National Logistics Policy aims to slash logistical cost drastically and improve India’s competitiveness in the export market.
- Shivanand Pandit
- Sep 24, 2022
India ultimately has a National Logistics Policy (NLP). Although the $200-billion logistics business sector has been crying for a robust policy for several years, it has got the policy only now. A vital factor now is the speedy implementation of various proposals declared in the policy.
Logistics includes planning, coordinating, storing and moving resources, such as people, raw materials, inventory, equipment, etc, from one place to another, from manufacturing locations to consumption, distribution or other manufacturing locations. India’s logistics sector is complex with more than 20 specialist establishments, 37 export elevation bodies, 500 certifications and 10,000 commodities. The sector also involves 200 transport entities, 36 logistics organisations, 129 inland container depots, 168 container freight stations, 50 IT ecosystems and banks and insurance coverage companies. Additionally, 81 authorities and 500 certificates are needed for exports and imports.
The necessity for the NLP was felt as the logistics cost in India is greater than that of the remaining advanced economies in the world. A decrease in logistics cost expands productivity, cutting across several sectors of the economy, while increasing value addition and enterprise. Currently, India spends nearly 14 to 18 per cent of its Gross Domestic Product on logistics costs, which is much higher than the global average.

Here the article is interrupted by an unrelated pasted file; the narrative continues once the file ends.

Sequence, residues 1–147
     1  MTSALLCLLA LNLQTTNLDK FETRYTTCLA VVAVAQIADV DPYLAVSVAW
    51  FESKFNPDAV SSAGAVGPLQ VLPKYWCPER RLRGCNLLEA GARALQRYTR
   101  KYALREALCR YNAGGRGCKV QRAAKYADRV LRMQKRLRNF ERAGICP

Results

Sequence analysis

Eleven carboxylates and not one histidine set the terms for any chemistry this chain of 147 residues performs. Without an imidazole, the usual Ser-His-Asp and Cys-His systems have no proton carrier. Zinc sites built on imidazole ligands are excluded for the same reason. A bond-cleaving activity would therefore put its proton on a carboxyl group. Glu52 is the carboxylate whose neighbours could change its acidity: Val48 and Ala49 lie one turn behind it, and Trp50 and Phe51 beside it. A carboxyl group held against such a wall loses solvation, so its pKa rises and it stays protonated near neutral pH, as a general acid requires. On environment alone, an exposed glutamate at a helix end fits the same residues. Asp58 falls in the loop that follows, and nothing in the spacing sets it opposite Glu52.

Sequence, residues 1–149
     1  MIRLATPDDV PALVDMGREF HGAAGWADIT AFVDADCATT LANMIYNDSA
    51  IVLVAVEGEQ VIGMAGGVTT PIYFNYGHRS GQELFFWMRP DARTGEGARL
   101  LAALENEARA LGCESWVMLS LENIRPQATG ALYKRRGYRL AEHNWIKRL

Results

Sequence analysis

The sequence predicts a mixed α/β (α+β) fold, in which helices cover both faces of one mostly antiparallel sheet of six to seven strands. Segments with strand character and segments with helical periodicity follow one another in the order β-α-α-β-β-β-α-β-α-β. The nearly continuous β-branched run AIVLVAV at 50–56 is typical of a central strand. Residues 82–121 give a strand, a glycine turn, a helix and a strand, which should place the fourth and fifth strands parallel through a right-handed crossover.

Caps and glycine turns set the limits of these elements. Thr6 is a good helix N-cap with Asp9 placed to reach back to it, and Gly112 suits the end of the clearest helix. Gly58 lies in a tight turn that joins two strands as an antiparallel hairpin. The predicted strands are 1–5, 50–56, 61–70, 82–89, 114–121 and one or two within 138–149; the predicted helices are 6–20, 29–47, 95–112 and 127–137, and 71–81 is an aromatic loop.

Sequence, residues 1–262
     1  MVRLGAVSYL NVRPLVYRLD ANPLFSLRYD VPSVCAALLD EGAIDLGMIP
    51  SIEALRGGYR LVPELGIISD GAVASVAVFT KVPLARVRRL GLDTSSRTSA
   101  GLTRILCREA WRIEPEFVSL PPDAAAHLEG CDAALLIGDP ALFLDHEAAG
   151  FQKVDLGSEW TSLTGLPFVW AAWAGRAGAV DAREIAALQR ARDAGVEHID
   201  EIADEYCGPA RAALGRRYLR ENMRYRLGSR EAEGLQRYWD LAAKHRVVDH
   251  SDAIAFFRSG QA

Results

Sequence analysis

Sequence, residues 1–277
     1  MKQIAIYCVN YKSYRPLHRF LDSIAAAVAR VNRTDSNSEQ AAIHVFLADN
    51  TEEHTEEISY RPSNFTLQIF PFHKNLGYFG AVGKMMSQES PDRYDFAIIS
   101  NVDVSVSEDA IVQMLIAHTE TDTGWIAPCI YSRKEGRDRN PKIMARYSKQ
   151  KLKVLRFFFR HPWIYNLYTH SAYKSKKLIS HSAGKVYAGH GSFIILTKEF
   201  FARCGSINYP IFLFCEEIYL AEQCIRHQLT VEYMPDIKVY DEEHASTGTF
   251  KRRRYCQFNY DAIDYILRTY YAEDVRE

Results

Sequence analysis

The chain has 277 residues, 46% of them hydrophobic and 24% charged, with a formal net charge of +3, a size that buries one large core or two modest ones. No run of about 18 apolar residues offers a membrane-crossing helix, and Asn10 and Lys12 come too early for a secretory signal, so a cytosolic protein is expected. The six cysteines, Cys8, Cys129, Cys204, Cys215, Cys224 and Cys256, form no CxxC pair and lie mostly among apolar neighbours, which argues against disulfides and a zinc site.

The NLP targets to enhance the smooth movement of goods throughout the country. It also aims at developing competitiveness of Indian goods in both local and global markets. With these, the policy is looking to augment economic progress and employment opportunities. Rapid last-mile delivery, eliminating transport-linked hurdles, saving time and money for producers and curbing wastage of agro-produce are some of the major goals that the NLP has set for itself.
Additionally, the policy has many other transformational targets. Firstly, it aims to lower the cost of logistics to the global best rate of 8 per cent of the GDP by 2030. Nations like the US, Japan, Germany, South Korea, Singapore and certain European nations have such a low logistics cost-to-GDP ratio. Secondly, it attempts to improve the nation’s Logistics Performance Index (LPI) ranking to be among the top-25 countries by 2030. Thirdly, it aims to construct data-driven decision support systems (DSS) to support a capable logistics ecosystem.
The most valuable building block in the policy is the Unified Logistics Interface Platform (ULIP), which intends to include all logistics and transport sector digital services into a single portal. This is likely to liberate producers and exporters from the current cruelty of lengthy and burdensome procedures. The second building block is the Ease of Logistics Services (E-Logs), a new digital platform. The platform will permit the industry to take up operational matters quickly and directly with government agencies for an immediate solution. The third building block is the Comprehensive Logistics Action Plan (CLAP), encompassing unified digital logistics systems, standardisation of physical assets, benchmarking service standards, human resource development, capacity building and development of logistics parks, among others.